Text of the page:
These are the things that stress me out….really kid of silly but I was exhausted and had to drive in a new town, new car, to a place I have never been!

JJ

November 6th, 2009
2:22 pm

JATL I am so sorry for your loss. I know what it’s like to lose a parent.

Honey, you need to take some time for yourself. This isn’t healthy. You need some girlfriend time. Have hubby watch the kids, find a girlfriend and go out to dinner., a movie, a walk in the park. Someone you can really talk to. Relax. I know it’s easier said than done, but YOU REALLY NEED TO UNWIND……I know it’s tough to lose a parent, especially with the closeness of your mother. Is your father still around? Maybe the two of you could take some quality time together……

JJ

November 6th, 2009
2:25 pm

And may I ask why you have 3 year old in counseling?????

ZachsMom

November 6th, 2009
3:19 pm

@JJ My son has been in counseling since he was about 3 and he is 14 now. We started going when he took a steak knife out of the butcher block and started cutting his arms. As far as we knew, he had never seen anyone do that and that is when our mental health issues started.

ZachsMom

November 6th, 2009
3:22 pm

Everyday for him is a struggle. The stress on myself and his father led to the end of our marriage. When your life revolves around violent outburst, deep depression and therpy sessions, I would love to have just the regular stresses of teenagehood.

ZachsMom

November 6th, 2009
3:27 pm

The stress of have a child with mental health issues ended my marriage. Zachary’s fathers couldn’t deal with a son who wasn’t “normal”. Imagine living with daily violent outburst, mood swings crying and wondering why he isn’t like everyone else. What we couldn’t give for just the everyday stresses of “normal” teenage life.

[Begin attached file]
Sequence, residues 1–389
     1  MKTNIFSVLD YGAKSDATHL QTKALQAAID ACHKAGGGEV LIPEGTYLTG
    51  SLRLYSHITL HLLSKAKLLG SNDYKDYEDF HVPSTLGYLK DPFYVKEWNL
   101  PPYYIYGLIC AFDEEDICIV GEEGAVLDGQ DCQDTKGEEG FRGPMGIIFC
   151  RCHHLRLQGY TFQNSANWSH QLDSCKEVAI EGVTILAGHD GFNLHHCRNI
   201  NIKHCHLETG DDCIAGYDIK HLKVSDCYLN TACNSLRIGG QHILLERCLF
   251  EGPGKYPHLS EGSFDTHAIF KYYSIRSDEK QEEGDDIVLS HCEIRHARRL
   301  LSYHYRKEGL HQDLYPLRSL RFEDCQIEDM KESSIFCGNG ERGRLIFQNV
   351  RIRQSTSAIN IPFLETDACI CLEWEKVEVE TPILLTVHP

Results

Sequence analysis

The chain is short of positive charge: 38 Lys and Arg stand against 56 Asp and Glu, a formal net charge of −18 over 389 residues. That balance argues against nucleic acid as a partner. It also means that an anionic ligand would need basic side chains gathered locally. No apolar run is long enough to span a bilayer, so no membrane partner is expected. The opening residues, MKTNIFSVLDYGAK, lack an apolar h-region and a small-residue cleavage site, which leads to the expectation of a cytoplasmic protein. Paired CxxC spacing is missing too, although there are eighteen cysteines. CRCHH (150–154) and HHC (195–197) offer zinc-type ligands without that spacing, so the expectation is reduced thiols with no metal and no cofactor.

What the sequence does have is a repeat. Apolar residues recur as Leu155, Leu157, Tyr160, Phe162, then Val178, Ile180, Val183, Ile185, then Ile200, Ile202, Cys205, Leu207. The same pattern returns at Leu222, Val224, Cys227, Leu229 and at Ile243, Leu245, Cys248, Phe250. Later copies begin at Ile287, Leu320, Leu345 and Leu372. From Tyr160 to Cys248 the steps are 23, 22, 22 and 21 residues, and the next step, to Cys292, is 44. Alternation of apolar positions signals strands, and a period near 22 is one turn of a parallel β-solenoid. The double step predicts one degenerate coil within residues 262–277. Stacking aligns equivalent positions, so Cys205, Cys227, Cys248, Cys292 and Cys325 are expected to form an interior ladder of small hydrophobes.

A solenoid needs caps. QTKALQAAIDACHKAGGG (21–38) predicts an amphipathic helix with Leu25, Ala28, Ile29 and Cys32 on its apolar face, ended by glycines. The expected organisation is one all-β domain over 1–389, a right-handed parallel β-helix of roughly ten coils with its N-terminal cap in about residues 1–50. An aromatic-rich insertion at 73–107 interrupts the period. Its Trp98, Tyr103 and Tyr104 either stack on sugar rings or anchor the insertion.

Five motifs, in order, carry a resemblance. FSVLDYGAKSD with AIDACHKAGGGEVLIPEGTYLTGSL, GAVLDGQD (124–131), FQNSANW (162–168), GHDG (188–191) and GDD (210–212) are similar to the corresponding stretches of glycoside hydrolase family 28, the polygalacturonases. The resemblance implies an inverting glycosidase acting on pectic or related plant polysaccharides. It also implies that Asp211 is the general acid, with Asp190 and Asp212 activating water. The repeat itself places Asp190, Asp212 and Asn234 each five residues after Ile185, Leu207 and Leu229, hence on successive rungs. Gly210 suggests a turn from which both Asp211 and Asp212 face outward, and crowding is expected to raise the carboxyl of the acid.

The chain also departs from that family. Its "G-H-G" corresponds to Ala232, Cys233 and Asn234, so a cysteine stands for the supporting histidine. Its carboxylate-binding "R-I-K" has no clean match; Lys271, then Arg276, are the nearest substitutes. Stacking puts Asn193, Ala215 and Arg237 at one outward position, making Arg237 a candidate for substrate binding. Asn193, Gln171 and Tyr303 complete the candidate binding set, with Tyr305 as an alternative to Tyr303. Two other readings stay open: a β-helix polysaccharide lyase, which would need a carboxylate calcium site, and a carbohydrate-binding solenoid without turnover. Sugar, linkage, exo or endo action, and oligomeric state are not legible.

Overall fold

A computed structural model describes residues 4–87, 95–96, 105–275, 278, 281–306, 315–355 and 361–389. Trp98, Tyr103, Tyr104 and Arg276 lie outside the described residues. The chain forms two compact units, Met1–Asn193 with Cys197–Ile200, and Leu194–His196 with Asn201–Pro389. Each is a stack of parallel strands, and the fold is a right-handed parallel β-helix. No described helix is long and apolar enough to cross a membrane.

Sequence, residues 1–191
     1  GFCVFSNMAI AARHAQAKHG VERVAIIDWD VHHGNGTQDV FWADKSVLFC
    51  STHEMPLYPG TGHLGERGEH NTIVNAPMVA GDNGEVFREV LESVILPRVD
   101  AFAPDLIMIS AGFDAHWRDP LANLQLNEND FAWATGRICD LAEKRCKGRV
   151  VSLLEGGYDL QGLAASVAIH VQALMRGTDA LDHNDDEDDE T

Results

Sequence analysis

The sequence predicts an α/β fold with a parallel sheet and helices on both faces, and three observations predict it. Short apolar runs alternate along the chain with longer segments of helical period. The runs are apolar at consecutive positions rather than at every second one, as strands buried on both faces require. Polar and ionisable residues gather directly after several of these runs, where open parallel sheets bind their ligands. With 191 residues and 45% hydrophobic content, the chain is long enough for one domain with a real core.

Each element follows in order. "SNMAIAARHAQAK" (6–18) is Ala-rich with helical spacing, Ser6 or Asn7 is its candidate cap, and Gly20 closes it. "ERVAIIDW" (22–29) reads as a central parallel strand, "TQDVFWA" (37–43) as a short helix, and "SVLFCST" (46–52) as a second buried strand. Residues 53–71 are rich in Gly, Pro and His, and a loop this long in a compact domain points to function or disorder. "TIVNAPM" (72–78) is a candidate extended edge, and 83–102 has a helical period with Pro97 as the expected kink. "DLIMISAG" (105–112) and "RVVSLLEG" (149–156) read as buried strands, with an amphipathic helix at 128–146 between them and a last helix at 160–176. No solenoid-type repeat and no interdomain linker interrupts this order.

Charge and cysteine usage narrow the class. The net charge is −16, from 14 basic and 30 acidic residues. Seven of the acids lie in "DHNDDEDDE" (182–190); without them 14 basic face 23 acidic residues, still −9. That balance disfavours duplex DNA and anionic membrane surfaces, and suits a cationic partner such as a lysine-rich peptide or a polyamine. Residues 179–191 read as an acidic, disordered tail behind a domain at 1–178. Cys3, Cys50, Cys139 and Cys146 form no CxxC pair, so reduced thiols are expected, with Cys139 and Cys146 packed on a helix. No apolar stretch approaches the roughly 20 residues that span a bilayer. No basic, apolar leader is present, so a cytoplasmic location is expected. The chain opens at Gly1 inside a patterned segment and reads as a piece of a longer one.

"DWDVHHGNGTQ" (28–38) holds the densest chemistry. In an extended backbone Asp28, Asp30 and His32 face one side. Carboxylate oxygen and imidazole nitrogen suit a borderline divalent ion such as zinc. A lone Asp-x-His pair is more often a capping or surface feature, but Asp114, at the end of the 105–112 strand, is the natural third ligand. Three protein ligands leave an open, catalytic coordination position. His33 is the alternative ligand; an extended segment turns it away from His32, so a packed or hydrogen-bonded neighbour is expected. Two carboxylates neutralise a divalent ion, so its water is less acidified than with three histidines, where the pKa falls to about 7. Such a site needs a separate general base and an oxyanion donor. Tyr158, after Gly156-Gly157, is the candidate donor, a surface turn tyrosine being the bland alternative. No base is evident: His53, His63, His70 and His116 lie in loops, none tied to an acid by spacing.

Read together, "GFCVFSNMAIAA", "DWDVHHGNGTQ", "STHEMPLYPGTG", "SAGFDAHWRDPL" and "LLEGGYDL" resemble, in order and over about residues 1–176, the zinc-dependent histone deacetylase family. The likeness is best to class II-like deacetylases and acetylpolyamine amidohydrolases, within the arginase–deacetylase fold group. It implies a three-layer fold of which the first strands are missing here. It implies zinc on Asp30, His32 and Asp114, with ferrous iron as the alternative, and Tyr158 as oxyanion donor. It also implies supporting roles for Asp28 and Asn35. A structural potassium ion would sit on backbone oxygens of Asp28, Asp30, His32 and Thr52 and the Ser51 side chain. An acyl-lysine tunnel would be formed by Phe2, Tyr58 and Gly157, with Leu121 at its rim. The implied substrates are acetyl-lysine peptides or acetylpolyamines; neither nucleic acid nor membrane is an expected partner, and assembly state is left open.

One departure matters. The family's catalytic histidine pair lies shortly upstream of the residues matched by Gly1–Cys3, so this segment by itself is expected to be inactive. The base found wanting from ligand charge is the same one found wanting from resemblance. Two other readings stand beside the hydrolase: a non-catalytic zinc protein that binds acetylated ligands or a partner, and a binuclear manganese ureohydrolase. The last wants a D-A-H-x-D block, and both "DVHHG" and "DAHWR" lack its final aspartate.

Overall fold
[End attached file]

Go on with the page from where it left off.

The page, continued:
I keep telling myself that GOD doesn’t give you more that you can handle but I think that Zachary got more than our share.

Hunter of MILF

November 6th, 2009
3:32 pm

@ZachsMom

How ya doin?

ZachsMom

November 6th, 2009
3:36 pm

I am tired. So very very tired.

Hunter of MILF

November 6th, 2009
3:41 pm

@ZachsMom

I hear ya….keep on keepin on….. remember all good things……hottie.

Hunter of MILF

November 6th, 2009
3:46 pm

@Zachsmom

And by that I mean all good things come to those who wait….LOL….

hunterofmoms@gmail.com

Becky

November 6th, 2009
3:48 pm

@ZachsMom, wow..This has to be tough to go through..Another thing that I could not imagine..I hope that I don’t upset anyone, but when I hear things like this, I count my blessings..We’ve had some rough times in my family, but thankfully most of the things weren’t ongoing..

So to all that are going through tough times with either job loss, kid troubles, pouse problems, please know that there is someone out there praying for you and keeping you in their thoughts..May all of your troubles slowly fade away..

oneofeach4me

November 6th, 2009
3:48 pm